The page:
How many credit cards are currently in your wallet? Is your relationship with your credit cards a positive one or a negative one? In short, credit cards can be a good thing if you are responsible and don’t see them as free money. They can help you flex your dollar and even help you make larger purchases that wouldn’t have been available to you otherwise. Having an open line of credit can also benefit you by showing other lenders and financial institutions that you are reliable with your money. So why do credit cards have such a negative image? Well, the hidden dangers of credit cards aren’t readily apparent. If you don’t pay attention, you could find yourself in a mountain of debt or, worse, bankrupt. Here are a few tips to keep you above water and your credit cards in check.
Annual Credit Card Fees
When you open a new credit line, see if your credit card has an annual fee. What are annual credit card fees? These annual fees are self-explanatory; you are charged a fee to your account every year. These fees can range anywhere from $24 to $654! Imagine paying a fee just to have a credit card! Usually, benefits offset these annual fees. The advantages include increased travel rewards points, higher percentage cash-back rates, and more. When you sign up for a credit card, examine if the added benefits are worth the yearly membership cost. Other credit cards offer no annual fees, so remember to shop around. Doing this could save you a couple of bucks.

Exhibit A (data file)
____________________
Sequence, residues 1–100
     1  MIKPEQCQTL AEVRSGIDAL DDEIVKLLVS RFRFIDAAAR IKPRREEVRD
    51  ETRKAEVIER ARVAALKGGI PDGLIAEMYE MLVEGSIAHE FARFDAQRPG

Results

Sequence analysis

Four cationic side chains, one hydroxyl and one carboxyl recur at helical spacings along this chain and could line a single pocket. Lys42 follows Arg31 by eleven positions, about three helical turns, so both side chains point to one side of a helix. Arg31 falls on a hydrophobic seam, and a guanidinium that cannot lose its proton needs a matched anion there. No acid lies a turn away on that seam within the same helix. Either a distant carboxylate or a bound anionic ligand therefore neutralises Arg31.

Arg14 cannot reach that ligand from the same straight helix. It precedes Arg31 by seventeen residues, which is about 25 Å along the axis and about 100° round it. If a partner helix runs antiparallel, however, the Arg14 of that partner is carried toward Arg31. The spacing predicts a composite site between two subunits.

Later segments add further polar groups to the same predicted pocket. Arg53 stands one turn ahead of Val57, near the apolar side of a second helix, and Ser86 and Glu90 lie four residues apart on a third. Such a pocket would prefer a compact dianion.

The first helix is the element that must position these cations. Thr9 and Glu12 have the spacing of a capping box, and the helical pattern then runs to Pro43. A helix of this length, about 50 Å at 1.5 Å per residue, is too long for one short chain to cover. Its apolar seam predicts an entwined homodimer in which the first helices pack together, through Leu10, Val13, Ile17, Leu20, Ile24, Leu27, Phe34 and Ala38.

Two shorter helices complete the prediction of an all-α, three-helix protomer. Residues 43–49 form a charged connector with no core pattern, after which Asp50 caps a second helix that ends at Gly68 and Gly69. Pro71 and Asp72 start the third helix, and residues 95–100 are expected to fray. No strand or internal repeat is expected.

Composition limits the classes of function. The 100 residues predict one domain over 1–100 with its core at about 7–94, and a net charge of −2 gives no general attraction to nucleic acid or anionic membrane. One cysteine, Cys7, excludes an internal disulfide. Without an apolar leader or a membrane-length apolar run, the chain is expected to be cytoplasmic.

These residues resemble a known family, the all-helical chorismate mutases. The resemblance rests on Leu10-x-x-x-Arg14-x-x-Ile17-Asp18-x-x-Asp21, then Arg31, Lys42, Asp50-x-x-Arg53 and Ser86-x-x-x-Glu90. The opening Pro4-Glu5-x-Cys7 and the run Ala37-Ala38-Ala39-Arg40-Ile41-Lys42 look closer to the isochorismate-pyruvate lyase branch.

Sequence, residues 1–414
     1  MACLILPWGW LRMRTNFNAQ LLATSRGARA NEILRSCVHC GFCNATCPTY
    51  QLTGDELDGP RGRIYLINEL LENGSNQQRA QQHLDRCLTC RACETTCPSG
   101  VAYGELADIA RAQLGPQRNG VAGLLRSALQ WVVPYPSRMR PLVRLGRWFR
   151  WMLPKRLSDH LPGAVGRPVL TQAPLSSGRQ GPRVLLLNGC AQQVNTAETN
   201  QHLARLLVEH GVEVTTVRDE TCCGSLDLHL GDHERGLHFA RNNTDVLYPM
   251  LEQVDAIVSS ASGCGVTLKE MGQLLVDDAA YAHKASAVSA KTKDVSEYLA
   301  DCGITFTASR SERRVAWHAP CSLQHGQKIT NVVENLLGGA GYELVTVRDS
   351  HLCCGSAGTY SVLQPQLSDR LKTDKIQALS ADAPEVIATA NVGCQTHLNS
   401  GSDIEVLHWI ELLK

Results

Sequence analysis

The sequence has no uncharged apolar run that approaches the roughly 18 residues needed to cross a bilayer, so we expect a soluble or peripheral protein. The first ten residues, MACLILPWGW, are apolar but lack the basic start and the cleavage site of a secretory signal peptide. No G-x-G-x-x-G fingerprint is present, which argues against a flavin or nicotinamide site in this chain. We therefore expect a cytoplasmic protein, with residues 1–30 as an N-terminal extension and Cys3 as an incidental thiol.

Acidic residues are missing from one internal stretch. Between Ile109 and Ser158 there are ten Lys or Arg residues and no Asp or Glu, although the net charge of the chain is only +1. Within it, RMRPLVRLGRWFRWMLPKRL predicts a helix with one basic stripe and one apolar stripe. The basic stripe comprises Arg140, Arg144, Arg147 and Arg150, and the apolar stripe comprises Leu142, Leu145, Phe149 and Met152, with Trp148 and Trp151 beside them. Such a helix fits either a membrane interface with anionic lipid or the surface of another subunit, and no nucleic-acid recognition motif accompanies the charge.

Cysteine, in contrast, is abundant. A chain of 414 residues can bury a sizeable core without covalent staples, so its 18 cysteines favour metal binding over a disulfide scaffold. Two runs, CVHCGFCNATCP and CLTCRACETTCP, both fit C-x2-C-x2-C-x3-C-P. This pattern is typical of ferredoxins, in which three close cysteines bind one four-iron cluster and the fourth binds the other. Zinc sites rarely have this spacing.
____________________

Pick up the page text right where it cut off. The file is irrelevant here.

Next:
Are All Credit Card Benefits Worth It?
The short answer to this question is that it depends. If you’re like me and don’t travel often, having a travel rewards credit card doesn’t make sense. Many credit cards offer these benefits as an incentive to spend more money. Not all credit card benefits are as they seem. I’ve found that cash-back options sound great in theory because it’s free money, but if we do the math here, it typically isn’t very much. Let’s say you sign up for a 3% cash-back credit card. You would have to spend a ridiculous amount of money to see significant returns. If you spent $20,000 at 3% cash back, you’d have $600 in rewards. I don’t know about you, but I don’t casually drop $20,000. If we do the math the other way around, if you spend $100 at 3% cash back, you get a whopping $3! However, if you own a business that makes large purchases, it could be a great benefit. So, what is the answer? It truly depends on your situation.
How Do You Amount To Large Amounts Of Debt?
The easiest way to amass a large sum of debt is to have a high credit limit. A higher credit limit can open you up to some temptations that entice you to spend more just because you can. A pro to having a higher credit limit is the ability to lower your credit utilization; you can spend more money on your credit account without tanking your credit score. The higher your credit limit, the more you can spend. This situation appears good, but you also must pay it back! Factor in your interest rate, and you can see how you can get stuck in debt with no way to claw yourself out. Temper your spending habits, and you will not worry about large debts.
The bottom line with credit cards is to ensure you don’t spend outside your means. Just because you need to make a purchase doesn’t mean you should reach for your American Express and swipe away. Building credit can be good for your financial health. You need credit to purchase a car (this does not include a cash purchase, which you should do), and you need credit to buy a home. If you build your credit correctly, you can come out on top without repercussions. You could even take a fully funded vacation solely on credit card miles. It is possible!
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We hope that this information on how to handle credit and credit cards was useful to you.
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